The high cost of energy has pushed Mr Peter Mugo to come up with a way to help consumers spend less on cooking fuel.
And after years of research on an energy-efficient cooker, early this year Mr Mugo developed PaRaMeko — a kerosene pressure cooker.
The invention, claims the former Kabete Institute-trained mechanical engineer, is self pressurised and the flames it generates have negligible amounts of carbon dioxide content.
He says that the environmentally-friendly cooker is designed from locally available materials and in such a way that it consumes minimal amounts of paraffin.
For instance, with two litres of paraffin, one can cook food for five to six hours, he says.
In Mr Mugo’s estimation, it is only a matter of time before many Kenyans turn to the cooker instead of other sources of fuel, say, charcoal, gas, or paraffin stoves.
However, unlike the conventional cooking gas cylinders where consumers exchange at a fee from dealers, pressure can be added to a PaRaMeko cooker for free at a petrol station (just like a car tyre) or using a foot pump — which is provided at the point of purchase. The cooker needs pressure refilling twice a month, he says.
Mr Mugo says that according to his research, the intensity of the heat generated by his cooker is more compared to that of conventional gas cookers.
“I don’t believe in importing gas any more. The cooker’s fire is more intense than the fire produced from gas. Since Kenya discovered oil in Turkana, it will be unwise to continue importing gas for domestic use. The money can be used for other development purposes. The new cooker will remain unmatched because of its efficiency”, he told Money.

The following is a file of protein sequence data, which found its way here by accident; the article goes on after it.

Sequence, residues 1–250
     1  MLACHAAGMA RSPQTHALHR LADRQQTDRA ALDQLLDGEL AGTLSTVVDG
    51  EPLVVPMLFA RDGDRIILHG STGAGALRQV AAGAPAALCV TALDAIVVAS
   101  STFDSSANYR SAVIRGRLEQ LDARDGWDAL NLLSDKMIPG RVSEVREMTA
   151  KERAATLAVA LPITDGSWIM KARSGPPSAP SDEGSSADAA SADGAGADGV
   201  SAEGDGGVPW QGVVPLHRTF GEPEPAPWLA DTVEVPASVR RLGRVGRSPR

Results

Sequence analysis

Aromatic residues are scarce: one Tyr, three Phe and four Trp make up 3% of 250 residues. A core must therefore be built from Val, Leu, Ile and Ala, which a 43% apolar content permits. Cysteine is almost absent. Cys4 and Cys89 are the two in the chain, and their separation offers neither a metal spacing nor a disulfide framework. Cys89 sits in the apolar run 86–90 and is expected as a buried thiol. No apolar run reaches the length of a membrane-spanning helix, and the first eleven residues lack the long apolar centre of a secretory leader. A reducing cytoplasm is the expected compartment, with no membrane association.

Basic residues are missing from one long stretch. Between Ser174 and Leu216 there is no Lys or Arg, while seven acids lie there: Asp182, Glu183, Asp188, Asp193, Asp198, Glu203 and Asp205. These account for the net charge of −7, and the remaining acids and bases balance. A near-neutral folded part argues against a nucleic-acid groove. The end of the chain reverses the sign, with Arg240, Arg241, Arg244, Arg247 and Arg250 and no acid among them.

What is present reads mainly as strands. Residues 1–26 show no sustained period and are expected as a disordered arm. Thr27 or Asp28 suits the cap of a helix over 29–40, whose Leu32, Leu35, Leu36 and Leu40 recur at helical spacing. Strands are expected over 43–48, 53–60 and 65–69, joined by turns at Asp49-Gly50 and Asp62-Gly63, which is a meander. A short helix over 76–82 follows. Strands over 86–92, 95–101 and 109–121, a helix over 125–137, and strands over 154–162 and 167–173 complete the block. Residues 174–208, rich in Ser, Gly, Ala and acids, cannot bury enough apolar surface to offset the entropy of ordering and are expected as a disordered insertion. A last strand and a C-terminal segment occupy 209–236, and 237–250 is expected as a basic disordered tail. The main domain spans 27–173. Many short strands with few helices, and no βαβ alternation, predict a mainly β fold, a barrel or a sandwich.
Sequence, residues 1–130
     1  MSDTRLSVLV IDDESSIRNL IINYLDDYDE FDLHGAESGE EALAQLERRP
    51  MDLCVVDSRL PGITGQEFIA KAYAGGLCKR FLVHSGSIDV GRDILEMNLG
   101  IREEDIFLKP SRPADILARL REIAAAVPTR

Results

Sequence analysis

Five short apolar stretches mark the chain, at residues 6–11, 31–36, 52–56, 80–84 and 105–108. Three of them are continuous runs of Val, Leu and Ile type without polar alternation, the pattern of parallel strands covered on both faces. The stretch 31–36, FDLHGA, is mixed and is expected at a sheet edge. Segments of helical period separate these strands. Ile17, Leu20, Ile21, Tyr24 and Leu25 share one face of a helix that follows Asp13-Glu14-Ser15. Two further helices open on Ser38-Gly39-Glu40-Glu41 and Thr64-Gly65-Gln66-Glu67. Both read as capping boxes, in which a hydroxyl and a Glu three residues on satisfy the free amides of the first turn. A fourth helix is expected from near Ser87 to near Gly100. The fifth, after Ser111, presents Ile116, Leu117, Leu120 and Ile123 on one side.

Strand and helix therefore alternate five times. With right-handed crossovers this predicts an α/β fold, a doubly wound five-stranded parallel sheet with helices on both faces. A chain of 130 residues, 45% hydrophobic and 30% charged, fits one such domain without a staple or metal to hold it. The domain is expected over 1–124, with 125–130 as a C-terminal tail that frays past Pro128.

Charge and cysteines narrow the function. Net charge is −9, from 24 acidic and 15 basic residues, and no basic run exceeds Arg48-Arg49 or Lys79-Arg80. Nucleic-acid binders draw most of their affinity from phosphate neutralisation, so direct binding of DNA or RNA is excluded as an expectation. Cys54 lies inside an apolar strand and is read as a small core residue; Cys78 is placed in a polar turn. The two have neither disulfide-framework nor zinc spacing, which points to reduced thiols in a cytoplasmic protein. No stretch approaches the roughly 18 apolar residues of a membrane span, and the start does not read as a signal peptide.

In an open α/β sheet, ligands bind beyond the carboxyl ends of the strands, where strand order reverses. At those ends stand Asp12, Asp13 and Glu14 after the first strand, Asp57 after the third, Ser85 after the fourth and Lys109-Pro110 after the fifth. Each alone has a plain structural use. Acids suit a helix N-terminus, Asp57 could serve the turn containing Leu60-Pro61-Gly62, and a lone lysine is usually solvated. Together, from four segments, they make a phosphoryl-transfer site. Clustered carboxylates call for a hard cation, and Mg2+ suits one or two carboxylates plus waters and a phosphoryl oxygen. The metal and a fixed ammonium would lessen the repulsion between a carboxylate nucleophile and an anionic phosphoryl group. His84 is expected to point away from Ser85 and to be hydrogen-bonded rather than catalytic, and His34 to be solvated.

“I wanted to make a modern cooker with capacity to hold bigger volume of kerosene and air or pressure for long periods. I can say without fear of contradiction that I am proud of this successful idea”, adds the 55-year-old businessman.
He has developed three types of the kerosene pressure cooker — a 3.5-litre single burner kerosene cylinder retailing at between Sh3,000 and Sh3,500, a 10-litre single and twin burner cylinder fetching between Sh4,000 and Sh5,000.
However, Mr Mugo expects that the prices will go down by almost half once he opens his manufacturing plant.
“Our customers are mostly individuals both from urban and rural areas but our target is to reach out to both the poor and middle class. We anticipate that schools, institutions, hotels, and restaurants will be our next market. After getting our certification from the Kenya Bureau of Standards in less than two months from now, I expect to roll out our ambitious plan of marketing the product in Kenya and other East African countries before going continental,” says Mr Mugo.
“To popularise the product, I think I will need to employ many marketers both directly and indirectly. There will also be the need to have agents. So, I think the business will employ thousands of people indirectly,” he says.